For what point has the film been made? In its conclusion we have no better understanding of the nature of the civil war in Syria, or the punitive nature of the regime of border control in Europe, i.e. the essence the essential focus of the film.

Dramatic images aside, simply bearing witness is not enough, if we are unable to decipher and understand these phenomena, what political and social conclusions can be drawn? That it is all madness? The violence is inescapable? That it cannot be any different?

The documentary is certainly not part of the great tradition of modernism, combining the best elements of enlightenment thought, which categorically states that events can be rationally interpreted and acted upon to advance the cause of human welfare and liberty. It can rather be understood as a work of political irrationalism or postmodernism, reflecting the documentarians own glib political confusion, whatever his own outlook or intentions are, it is so. We can not shy away from a scathing political assessment where it is appropriate.

Simply stated: unless we can understand these phenomena, we cannot change anything. In this sense, devoid of any critical commentary or substantial analysis; the film is unhelpful. A scientific appraisal is necessary to convert an emotional feeling of outrage at injustice towards revolutionary social and political change.

What socioeconomic and political logic has led to these historic crimes occurring? And what far reaching political conclusions must be advanced to aid these war torn Syrian refugees?

A few brief lines here are appropriate,

These people are fleeing war and persecution in their home countries, the civil war in Syria is only the latest in a series of wars of occupation and regime change. Like Afghanistan, Iraq and Libya, which have been appropriately described as wars of ‘Sociocide‘, entire societies have been destroyed by imperialism, as great powers are locked in a fierce geo strategic competition as each jockey for advantage over their rivals in the pursuit of raw materials, markets and other sources of profit.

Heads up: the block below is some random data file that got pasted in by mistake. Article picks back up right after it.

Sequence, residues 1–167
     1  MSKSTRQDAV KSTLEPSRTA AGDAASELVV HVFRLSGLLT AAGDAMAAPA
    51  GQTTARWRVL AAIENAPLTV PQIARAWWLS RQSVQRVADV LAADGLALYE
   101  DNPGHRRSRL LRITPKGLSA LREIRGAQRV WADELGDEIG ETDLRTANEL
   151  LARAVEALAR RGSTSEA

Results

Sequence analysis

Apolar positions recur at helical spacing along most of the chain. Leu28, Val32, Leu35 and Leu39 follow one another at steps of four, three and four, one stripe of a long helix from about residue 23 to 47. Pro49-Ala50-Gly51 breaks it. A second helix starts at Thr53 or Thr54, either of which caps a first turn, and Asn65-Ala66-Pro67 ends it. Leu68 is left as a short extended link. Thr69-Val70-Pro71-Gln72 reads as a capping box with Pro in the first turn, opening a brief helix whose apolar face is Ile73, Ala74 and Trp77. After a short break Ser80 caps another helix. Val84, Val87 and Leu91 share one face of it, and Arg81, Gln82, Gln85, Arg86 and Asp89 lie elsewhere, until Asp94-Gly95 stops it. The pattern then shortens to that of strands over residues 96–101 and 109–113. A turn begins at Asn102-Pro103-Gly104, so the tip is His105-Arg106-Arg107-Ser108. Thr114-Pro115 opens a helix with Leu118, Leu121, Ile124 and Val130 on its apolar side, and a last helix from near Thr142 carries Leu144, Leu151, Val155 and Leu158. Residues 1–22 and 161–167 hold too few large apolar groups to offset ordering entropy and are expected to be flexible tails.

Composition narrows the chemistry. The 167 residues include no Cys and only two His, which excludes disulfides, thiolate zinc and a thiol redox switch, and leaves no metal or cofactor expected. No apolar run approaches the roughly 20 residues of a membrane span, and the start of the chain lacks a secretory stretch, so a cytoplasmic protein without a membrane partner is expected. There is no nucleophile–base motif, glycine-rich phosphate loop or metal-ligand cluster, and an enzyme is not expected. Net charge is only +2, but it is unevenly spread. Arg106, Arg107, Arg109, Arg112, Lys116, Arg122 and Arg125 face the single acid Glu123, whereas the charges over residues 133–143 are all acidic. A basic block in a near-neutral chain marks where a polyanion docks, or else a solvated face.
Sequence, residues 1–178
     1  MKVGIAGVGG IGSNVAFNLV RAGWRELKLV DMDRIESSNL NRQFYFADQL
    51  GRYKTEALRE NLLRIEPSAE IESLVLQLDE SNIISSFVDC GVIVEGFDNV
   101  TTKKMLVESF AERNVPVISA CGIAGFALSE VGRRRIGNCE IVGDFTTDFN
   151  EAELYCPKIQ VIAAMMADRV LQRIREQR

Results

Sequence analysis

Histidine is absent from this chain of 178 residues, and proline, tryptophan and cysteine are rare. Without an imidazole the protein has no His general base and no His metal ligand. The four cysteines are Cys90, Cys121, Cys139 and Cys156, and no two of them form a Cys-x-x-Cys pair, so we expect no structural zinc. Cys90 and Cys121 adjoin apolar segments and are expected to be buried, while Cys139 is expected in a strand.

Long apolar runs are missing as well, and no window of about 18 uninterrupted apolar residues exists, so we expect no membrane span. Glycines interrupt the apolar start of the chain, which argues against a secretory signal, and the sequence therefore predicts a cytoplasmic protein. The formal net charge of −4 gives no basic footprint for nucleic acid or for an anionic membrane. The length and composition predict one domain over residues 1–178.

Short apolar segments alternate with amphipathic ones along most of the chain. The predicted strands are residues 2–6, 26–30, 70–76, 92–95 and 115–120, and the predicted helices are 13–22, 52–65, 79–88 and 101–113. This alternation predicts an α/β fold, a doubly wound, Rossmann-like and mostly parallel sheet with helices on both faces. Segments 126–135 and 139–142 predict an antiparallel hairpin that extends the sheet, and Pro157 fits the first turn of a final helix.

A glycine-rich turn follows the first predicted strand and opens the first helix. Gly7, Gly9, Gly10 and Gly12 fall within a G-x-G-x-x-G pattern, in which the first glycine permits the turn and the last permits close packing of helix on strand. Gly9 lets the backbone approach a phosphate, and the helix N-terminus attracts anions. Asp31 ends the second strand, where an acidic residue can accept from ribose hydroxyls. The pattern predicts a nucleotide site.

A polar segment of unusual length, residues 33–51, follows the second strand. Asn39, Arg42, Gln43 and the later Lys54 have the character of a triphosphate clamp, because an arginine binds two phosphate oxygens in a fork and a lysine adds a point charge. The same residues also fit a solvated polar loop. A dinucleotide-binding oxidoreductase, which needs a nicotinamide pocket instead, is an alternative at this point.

The system of border controls and checks across Europe to inhibit the flow of refugees has been likened to a ‘Fortress Europe‘. Such a barbaric system denying those seeking asylum aid and attentions, leads to desperate measures as many seeking safe refuge have died either trying to either make the treacherous ocean crossing, or traverse the land route to Europe.

Through the massive physical devastation of Syria, and the displacement of its population, some agencies and commentators have referred to the possibility of a ‘Lost Generation‘, as many of the regions youth are not attending any school, the generational impact could be very dire indeed.

To conclude: a more robust conceptual and theoretical framework is necessary to understand the tragedy of the Syrian civil war, along with its impact on the lives of children and the wider civilian population, this film does not advance that.

In summarising this documentary Marx’s famous aphorism ‘the poverty of philosophy’ comes to mind. If we are to tackle such mass injustice, directors and artists in the current period must grapple this monumental task only by taking a turn to seriously studying these questions of the day to find the inescapable political conclusions that must be drawn, and advance them. The suffering depicted here will continue until we can infer and disseminate this important information.

The author recommends:

To Create a genuine artistic Avante Garde means confronting critical historical issues, David Walsh, World Socialist Website. 2016.


Owen Hsieh is an independent Marxist living between Western Australia and Taiwan. An avid bibliophile and book collector with a special interest in Eastern European literature and history, currently focused on the Russian Revolution and Stalinism.